The CPTSD Foundation posted a great article the other day, “The Problem Isn’t Your Motivation, It’s Your Wound” by Alison Wegner. Here is the beginning segment:

“A woman in her mid-forties walks into a therapist’s office with a broken leg. She is at her wits’ end. Sitting down in the therapist’s chair, she says, “I’m so frustrated. I’ve been trying to run a marathon for years, but I just can’t do it. There must be something wrong with me. I try to get out of bed to train, but I just don’t want to. Even when I force myself, I can’t go nearly as far as everyone else. It is like I’m somehow deficient. After practicing, I am in so much agony that I have to take pain killers. Other people can run without resorting to pain killers. I just don’t understand what is wrong with me.”

What is the first thing you would say to this person? “The problem is your broken leg.”

I use this as a metaphor for those with trauma. Such individuals often try to ‘willpower’ their way past severe and debilitating wounds- wounds that are present and yet invisible.”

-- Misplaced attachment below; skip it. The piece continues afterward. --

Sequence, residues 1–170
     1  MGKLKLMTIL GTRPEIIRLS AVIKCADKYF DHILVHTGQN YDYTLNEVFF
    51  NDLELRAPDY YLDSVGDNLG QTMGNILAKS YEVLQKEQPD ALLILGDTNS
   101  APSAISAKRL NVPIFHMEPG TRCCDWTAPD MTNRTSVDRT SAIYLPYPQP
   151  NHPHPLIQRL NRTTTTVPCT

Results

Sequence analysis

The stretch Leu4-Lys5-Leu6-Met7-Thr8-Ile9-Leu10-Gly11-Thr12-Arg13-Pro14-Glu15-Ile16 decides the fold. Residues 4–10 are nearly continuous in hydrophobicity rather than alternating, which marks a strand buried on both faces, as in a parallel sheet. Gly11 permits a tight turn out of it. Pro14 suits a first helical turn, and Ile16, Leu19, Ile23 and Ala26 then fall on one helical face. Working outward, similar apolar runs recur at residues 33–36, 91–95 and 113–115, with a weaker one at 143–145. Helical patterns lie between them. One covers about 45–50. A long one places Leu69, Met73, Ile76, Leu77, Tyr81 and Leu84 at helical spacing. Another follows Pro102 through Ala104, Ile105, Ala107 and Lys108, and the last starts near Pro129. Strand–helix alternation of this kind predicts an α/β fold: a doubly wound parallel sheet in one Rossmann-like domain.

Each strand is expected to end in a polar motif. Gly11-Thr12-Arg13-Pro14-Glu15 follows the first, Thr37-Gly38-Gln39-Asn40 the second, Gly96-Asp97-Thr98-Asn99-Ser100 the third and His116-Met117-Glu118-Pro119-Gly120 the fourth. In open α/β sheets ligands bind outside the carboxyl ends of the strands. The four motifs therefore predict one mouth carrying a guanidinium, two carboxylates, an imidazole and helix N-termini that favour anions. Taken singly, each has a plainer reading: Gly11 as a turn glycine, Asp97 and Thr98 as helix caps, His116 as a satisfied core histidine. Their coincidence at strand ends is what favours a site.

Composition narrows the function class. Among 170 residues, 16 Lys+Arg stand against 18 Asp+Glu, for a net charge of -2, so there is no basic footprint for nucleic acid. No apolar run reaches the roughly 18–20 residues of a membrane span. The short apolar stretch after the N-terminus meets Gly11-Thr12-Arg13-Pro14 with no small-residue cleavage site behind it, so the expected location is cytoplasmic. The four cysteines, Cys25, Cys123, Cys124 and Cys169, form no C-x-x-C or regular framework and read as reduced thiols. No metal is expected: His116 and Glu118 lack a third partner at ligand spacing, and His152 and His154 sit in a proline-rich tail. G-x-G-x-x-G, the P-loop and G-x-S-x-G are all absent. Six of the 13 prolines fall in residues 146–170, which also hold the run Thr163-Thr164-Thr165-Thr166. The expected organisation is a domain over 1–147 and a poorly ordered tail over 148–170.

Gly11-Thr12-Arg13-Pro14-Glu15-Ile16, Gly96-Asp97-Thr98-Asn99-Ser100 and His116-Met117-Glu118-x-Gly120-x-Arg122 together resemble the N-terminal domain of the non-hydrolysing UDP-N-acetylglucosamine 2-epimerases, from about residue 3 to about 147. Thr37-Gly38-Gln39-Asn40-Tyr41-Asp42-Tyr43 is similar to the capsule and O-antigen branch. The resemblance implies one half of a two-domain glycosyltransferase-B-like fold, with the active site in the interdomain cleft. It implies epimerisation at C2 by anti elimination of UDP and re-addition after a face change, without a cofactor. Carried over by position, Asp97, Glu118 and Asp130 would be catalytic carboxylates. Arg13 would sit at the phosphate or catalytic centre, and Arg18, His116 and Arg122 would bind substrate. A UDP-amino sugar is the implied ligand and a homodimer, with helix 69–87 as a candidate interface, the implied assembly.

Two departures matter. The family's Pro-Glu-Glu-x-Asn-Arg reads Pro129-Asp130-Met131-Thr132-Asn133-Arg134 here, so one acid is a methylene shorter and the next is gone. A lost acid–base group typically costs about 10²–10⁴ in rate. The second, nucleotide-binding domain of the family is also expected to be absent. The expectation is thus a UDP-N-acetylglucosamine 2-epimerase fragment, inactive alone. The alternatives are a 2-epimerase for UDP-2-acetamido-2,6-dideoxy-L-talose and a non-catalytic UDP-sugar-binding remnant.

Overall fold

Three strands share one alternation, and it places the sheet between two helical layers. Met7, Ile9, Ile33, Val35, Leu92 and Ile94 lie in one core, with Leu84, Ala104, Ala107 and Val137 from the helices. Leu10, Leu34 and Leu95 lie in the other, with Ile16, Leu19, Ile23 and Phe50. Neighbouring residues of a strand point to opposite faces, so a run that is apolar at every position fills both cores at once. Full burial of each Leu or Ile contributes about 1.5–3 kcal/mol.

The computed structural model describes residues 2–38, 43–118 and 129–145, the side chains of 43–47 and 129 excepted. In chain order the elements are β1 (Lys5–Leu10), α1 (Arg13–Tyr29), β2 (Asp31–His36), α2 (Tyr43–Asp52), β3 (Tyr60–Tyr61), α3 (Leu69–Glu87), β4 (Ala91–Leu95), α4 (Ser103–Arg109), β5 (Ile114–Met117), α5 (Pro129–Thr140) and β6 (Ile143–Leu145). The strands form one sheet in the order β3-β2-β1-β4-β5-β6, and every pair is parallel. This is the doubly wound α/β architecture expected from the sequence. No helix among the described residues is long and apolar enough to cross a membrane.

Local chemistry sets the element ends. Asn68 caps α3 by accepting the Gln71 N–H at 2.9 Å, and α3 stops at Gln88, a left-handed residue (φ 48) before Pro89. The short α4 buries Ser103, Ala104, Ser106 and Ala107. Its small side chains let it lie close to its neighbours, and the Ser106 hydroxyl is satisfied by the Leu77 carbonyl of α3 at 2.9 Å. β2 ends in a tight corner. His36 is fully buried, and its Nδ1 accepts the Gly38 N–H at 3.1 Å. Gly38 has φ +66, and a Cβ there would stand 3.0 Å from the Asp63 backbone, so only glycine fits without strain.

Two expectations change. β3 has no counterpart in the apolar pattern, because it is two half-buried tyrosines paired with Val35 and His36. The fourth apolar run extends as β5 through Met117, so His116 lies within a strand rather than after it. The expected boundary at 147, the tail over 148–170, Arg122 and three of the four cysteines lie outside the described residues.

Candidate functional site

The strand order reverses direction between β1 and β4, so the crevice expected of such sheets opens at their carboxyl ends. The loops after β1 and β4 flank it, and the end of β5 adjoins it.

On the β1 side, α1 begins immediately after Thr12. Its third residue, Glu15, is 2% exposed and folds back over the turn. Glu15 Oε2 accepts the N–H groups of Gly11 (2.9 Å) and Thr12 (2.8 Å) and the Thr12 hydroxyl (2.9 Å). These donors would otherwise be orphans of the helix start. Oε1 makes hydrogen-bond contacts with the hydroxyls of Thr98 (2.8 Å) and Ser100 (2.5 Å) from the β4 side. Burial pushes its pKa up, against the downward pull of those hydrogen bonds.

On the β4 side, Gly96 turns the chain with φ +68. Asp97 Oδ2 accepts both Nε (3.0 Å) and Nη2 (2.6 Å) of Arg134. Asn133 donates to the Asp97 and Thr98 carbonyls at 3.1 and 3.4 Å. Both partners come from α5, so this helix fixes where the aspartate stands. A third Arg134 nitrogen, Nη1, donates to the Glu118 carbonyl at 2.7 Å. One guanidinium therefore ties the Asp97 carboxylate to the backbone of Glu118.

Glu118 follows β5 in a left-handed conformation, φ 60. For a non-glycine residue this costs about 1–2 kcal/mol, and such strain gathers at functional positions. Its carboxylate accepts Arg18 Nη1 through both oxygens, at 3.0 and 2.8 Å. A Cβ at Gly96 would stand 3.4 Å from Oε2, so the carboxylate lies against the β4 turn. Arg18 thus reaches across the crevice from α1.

The article helped me to be kinder to myself and treat myself as I would treat someone with a broken leg. Eight years ago, in my early twenties, I lost somebody who was very important to me. It happened after a lifetime of interpersonal trauma, and tipped my mind and body into a permanent state of immobilisation/depression. I am now extremely limited in how much I can do. Most days I don’t get dressed. I always struggle to make a meal. I have gone a week without showering now, and often I just go back to bed as it’s all too much. One area that I particularly struggle with is maintaining relationships. I don’t tend to talk on the phone anymore and replying to messages is also difficult. I do not need people continually asking for more and guilting me into responding (e.g. implying that I am torturing your heart by not replying). I cannot handle and do not want this amount of contact. I’m sorry to disappoint.